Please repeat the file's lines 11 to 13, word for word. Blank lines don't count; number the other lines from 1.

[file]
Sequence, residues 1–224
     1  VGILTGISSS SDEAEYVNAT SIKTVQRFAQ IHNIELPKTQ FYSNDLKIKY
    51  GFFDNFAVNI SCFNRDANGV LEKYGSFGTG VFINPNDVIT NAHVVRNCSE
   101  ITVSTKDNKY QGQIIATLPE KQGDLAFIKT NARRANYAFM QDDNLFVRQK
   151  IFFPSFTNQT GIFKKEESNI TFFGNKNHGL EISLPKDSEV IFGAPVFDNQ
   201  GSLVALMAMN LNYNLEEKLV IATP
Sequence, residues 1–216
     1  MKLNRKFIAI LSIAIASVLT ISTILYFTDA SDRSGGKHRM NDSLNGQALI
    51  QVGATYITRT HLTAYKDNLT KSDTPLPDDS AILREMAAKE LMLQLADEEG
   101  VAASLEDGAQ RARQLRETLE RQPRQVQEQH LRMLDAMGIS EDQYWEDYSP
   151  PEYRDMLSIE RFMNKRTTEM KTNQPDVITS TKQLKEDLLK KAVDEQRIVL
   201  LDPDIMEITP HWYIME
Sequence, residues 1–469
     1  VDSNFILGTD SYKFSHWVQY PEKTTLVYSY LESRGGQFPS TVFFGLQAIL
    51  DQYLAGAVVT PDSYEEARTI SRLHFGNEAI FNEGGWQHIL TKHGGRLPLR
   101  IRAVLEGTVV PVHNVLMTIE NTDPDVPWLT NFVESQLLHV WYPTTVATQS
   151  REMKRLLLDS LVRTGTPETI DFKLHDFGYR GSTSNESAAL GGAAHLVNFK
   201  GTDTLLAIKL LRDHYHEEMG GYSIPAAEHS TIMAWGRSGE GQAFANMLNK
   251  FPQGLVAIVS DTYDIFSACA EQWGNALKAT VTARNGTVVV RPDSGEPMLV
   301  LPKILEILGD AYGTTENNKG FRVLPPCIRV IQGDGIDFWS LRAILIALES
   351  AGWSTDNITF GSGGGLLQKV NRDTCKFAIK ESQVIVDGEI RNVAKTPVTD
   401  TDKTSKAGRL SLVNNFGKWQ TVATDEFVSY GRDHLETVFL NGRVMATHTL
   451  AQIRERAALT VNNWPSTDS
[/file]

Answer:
   151  PEYRDMLSIE RFMNKRTTEM KTNQPDVITS TKQLKEDLLK KAVDEQRIVL
   201  LDPDIMEITP HWYIME
Sequence, residues 1–469